Friday, September 21, 2012
Daily Times Editorial Sept 22, 2012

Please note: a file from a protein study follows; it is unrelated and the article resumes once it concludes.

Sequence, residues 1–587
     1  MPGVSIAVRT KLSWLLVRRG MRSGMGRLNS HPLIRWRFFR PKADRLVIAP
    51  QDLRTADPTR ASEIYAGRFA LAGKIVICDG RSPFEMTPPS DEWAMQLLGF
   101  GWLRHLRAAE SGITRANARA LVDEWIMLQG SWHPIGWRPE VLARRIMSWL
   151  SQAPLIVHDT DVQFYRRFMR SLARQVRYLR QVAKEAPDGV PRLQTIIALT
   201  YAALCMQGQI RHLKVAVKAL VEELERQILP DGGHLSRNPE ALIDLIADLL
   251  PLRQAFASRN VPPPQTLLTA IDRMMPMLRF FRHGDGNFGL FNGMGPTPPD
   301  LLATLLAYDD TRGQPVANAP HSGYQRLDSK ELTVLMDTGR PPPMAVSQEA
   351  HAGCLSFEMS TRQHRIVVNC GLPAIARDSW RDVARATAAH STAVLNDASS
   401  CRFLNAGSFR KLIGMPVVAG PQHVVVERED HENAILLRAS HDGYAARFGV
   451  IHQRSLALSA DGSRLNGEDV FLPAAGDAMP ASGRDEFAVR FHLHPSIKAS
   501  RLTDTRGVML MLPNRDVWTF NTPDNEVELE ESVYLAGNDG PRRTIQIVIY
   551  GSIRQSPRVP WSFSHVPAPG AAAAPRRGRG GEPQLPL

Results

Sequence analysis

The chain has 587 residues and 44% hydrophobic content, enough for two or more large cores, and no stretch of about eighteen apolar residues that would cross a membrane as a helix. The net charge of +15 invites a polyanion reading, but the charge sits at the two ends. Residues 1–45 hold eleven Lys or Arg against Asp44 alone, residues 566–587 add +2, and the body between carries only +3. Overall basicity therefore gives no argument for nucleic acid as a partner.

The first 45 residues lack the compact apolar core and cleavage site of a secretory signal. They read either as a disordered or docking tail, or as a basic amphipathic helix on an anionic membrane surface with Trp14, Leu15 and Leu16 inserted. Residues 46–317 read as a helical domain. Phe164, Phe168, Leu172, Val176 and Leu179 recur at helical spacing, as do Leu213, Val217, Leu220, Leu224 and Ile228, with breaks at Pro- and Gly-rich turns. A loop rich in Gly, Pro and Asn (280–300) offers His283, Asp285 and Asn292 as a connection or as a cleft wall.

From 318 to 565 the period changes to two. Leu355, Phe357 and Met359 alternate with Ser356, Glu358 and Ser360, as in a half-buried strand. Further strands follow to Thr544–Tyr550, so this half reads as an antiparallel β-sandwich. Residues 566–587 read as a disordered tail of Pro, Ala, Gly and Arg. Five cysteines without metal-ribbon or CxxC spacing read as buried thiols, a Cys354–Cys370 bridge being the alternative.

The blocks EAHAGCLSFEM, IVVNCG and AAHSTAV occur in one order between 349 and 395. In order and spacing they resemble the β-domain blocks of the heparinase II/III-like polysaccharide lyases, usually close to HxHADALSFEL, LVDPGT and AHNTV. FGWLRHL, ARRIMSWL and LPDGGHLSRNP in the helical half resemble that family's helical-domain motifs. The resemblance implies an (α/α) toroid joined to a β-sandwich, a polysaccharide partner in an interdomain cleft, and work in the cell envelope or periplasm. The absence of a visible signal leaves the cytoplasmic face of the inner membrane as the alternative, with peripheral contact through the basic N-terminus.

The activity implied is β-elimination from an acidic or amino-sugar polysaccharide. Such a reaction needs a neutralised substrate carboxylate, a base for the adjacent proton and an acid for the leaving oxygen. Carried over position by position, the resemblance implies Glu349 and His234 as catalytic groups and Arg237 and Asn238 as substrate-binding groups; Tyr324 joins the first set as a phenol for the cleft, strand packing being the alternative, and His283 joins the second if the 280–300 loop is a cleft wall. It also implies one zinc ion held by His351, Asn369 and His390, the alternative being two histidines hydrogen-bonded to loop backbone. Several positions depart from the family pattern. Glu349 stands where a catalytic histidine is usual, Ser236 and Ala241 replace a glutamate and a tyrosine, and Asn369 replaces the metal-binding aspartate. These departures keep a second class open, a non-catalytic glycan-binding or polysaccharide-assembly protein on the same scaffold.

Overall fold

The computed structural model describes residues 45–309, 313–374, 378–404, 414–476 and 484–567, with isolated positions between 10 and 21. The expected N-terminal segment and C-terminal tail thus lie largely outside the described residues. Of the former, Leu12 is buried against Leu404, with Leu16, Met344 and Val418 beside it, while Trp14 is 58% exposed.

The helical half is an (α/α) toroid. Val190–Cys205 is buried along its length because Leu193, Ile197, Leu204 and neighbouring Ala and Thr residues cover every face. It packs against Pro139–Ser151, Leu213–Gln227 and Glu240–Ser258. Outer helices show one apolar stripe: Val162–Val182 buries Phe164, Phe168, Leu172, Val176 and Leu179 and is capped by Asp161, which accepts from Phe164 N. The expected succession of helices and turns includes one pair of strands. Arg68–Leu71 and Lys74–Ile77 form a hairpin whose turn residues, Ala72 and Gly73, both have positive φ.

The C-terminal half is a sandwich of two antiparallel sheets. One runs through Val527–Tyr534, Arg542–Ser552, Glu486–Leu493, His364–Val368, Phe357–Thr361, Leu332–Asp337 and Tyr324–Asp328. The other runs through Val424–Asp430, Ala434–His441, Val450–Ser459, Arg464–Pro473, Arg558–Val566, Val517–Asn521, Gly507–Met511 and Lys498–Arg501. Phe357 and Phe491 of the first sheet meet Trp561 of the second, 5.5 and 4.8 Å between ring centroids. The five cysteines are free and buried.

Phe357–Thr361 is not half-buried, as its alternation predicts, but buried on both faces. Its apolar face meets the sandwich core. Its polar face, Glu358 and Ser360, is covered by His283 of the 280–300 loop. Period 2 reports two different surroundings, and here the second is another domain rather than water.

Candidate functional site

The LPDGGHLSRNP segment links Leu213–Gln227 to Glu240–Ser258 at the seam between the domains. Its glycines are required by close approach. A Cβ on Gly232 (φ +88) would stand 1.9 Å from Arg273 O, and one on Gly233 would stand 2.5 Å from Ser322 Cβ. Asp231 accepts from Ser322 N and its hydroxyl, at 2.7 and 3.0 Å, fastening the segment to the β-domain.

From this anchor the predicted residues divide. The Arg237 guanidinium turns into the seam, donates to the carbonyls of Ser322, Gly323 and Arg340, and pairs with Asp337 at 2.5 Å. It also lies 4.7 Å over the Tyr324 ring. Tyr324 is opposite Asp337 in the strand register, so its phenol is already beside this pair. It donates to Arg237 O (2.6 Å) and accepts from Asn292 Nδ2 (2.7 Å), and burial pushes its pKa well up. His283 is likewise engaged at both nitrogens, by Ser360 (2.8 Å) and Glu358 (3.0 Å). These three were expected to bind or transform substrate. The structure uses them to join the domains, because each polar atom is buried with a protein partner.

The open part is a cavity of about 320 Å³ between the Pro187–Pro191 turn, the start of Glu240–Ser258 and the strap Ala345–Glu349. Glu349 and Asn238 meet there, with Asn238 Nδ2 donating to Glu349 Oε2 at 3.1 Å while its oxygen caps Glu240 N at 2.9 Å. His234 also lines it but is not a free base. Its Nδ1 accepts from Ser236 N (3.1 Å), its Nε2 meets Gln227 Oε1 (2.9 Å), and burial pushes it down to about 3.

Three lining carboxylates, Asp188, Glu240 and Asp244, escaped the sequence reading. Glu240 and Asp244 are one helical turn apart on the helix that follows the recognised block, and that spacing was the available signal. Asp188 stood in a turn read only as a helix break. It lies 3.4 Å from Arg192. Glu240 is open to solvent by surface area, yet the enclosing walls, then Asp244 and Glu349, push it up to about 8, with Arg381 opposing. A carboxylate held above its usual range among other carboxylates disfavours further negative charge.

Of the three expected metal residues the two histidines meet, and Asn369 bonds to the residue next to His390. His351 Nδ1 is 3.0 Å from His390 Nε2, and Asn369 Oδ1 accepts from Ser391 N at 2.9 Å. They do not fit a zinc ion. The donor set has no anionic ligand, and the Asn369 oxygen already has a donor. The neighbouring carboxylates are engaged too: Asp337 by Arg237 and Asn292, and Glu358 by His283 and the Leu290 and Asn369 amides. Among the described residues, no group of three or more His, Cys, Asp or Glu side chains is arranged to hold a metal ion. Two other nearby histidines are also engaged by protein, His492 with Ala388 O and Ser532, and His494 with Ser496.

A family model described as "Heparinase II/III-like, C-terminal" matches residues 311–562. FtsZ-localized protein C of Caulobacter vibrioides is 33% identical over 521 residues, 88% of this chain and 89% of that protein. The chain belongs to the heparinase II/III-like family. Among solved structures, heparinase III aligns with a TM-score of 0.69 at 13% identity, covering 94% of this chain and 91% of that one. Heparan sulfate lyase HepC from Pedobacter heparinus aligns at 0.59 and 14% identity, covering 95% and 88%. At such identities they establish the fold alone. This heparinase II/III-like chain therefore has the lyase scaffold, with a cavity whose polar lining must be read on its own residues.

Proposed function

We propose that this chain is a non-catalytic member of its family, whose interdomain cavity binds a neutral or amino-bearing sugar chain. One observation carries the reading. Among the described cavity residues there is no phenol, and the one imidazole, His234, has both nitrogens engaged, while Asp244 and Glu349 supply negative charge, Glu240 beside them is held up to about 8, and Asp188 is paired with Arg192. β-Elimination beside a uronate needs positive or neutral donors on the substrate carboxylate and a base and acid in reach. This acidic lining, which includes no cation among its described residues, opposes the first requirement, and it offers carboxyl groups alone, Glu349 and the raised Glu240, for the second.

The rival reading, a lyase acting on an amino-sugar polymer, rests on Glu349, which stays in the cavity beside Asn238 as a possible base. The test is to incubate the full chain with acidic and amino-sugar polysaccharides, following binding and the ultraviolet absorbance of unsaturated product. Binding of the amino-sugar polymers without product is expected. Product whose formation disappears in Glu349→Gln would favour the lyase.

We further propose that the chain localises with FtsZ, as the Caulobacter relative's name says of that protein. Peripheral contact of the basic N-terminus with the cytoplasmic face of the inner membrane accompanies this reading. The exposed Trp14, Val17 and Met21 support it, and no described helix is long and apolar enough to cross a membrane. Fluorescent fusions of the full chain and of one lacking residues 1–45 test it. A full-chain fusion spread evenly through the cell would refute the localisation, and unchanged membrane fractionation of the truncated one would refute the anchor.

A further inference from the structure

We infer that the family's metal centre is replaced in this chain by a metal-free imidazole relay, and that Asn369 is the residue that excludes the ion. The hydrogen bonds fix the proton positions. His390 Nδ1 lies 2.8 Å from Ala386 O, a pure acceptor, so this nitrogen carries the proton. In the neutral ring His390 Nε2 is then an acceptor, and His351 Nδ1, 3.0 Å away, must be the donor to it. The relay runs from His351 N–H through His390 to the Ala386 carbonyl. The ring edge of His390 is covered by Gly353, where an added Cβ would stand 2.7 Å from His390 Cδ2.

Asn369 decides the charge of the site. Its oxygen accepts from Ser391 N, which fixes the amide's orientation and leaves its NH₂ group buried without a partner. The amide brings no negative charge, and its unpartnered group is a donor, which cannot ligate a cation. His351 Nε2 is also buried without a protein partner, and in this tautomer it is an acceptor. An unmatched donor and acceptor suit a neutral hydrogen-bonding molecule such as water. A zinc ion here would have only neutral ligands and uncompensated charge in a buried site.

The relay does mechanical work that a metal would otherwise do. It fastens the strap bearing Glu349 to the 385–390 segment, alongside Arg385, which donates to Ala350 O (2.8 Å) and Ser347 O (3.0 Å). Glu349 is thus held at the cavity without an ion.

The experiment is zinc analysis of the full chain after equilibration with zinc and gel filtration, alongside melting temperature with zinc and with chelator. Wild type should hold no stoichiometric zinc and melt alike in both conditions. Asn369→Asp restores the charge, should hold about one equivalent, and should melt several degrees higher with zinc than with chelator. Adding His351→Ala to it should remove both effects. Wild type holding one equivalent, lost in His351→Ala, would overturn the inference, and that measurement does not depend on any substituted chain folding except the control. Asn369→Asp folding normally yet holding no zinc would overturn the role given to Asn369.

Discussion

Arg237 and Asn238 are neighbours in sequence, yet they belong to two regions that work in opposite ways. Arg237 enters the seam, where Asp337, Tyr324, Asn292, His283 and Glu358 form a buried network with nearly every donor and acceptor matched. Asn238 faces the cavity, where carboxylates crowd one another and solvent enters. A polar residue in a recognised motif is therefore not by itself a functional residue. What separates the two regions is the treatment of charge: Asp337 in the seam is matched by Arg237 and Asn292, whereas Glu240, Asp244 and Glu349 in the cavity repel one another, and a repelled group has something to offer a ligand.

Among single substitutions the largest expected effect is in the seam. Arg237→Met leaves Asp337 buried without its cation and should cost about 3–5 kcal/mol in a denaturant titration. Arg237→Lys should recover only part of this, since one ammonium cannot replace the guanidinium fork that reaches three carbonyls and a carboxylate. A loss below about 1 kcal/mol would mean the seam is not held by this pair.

Violent love The government’s strategy to declare a national holiday on Friday in anticipation of countrywide protests against the film that insults Prophet Mohammad (PBUH) may have backfired. The day off provided the protestors opportunity to turn out in all major cities of the country, reinforced on the day by rightist and extremist elements out to exploit the situation for their own political purposes. That is not to deny the depth of anger felt across the board and throughout the country on the deliberate and provocative attack on the Prophet (PBUH). But all the appeals to the protestors to remain peaceful while expressing their disgust and hurt at the provocation from the president and prime minister downwards fell on deaf ears. Even the shutdown of mobile phone networks throughout the day, presumably to prevent the protestors coordinating with each other and to avoid the risk of bomb attacks, failed to dent the charge of the charged brigades. Protestors numbering about 45,000 countrywide, a minuscule proportion of the country’s 180 million citizens, in Karachi, Lahore, Islamabad and Peshawar were at the centre of the violent storm that overtook the country. Appeals throughout the day to remain peaceful and avoid violence had no effect, not even when religious leaders and ulema added their voices to the calls for restraint. The police and law enforcement agencies’ tactics of blocking access to sensitive sites like the US Embassy and consulates in Karachi and Lahore by placing containers in the path of the protestors failed to stop them. The charged crowds shifted the containers through sheer weight of human numbers and charged through the blockades determined, it later transpired, to destroy, burn, and even loot any and everything that came to hand. The ‘trailer’ of what was to follow had already become visible on Thursday when a crowd of protestors, trying to access the diplomatic enclave in Islamabad to get to the US Embassy, turned when frustrated to the car park of a five star hotel along the way and destroyed many vehicles there. Their assault on the diplomatic enclave proved so difficult to control by the police alone that the army had to be called out. On Friday, with greater numbers on their side, the sites of confrontation between the police and protestors seemed to show the scenario of a battlefield. While the police tried to keep the surging crowds at bay with containers blocking access and, where things threatened to get out of hand, heavy tear gas shelling and even aerial firing, the charged mobs were not to be denied. It seemed their objective was to somehow get close enough to US diplomatic missions to attack and demolish them. In anticipation of the risk, western embassies, consulates, cultural centres and schools were shut throughout the country. The police firing was retaliated by armed elements within the protestors’ ranks, particularly in Karachi. The latest available toll of human life speaks of at least 17 dead, 195 injured. In the path of those bent upon violence, the attacks, looting and arson took in its fold cinemas, banks, government offices, police posts, vehicles, shops, etc, despite the fact that markets, petrol pumps and other vulnerable sites were shut. Clashes between the law enforcers and agitators continued late into the evening. The US Acting Ambassador was called in by the foreign office to deliver a protest against the film. The US government, according to the ambassadors’ response, had condemned the film in strong terms, but had nothing to do with its production or dissemination. In an interesting aside, one actress who appeared in the film condemned the deceptive manner in which she and others were inveigled into appearing in a seemingly innocent film, which later was distorted in the direction of an attack on the Prophet (PBUH). She has not only distanced herself from the film and asked for it to be removed from YouTube and the Internet, but also threatened to sue the producer for fraud. Unfortunately, a French magazine added fuel to the fire by publishing blasphemous cartoons of the Prophet (PBUH) in the middle of the furore. Calls are mounting in the Muslim world and amongst sensible circles across the world to revisit the malign purpose for which freedom of expression is being misused by motivated agents provocateurs. While it is important to safeguard freedom of expression, it cannot be allowed so irresponsibly to be abused to create conflict and divide people of different beliefs. Some version of the restraints on hate speech must be forged to nip this mischief in the increasingly flowering bud. As to our own expression of Love for the Prophet (PBUH) on the day set aside for the purpose, does violence against properties, our persons, infrastructure, and ourselves reflect a mature, considered response to the provocation? Admitted, the issue raises extremes of anger amongst Muslims, but in the aftermath of the day’s events, in the cold clear light of the morning after, should we not be focusing on what we have achieved, what we have wrought, and what will be its consequences? First and foremost, if the provocateur’s purpose was to once again show Muslims as irrational, wild, violent people, we helped him succeed even beyond his own wildest expectations. When we fall into the trap of reinforcing the Islamophobes’ stereotypical image of Muslims, whose cause are we serving? As far as the Prophet’s (PBUH) respect is concerned, one level of approach is to understand that his stature cannot be reduced, depreciated, or denigrated through such clumsy attempts. Second, we should look to the Prophet’s (PBUH) own example in the face of extreme repression and provocation when he started to deliver his (PBUH) message and was rounded on by the rich, powerful and biased of his day. His (PBUH) forbearance, patience, tolerance in the face of extreme provocation and insult, forgiveness, mercy and goodness disarmed his enemies and denigrators and persuaded them to accept Islam. Are we following in the Prophet’s (PBUH) blessed footsteps? Far from it. Today’s Muslim world is as far from the Prophet’s (PBUH) example of tolerance as it is possible to travel. The basic reason is the takeover of the religious discourse over the last four decades by extremists who see violence as the only way to achieve their millenarian dreams. In line with the Prophet’s (PBUH) Sunnah (practice and example), we should educate ourselves and each other on the true message of our religion, whose very name means peace, and defend the Prophet’s (PBUH) person in the manner he laid down as an example for us and all mankind. The benefactor and guide of all mankind would not be pleased with us today if we continue to behave in irrational ways to reinforce our image in the world as a backward, irrational, violent community. The struggle against the provocateurs and evil mischief makers has to be fought in a non-violent, mature, intellectually convincing manner, if the world is to be saved from a debilitating clash of faiths, civilisations, and embittered ‘enemy’ camps. That ‘diversion’ into religion-based conflict would distract the world from tackling the real problems that afflict mankind today: poverty, inequality, injustice.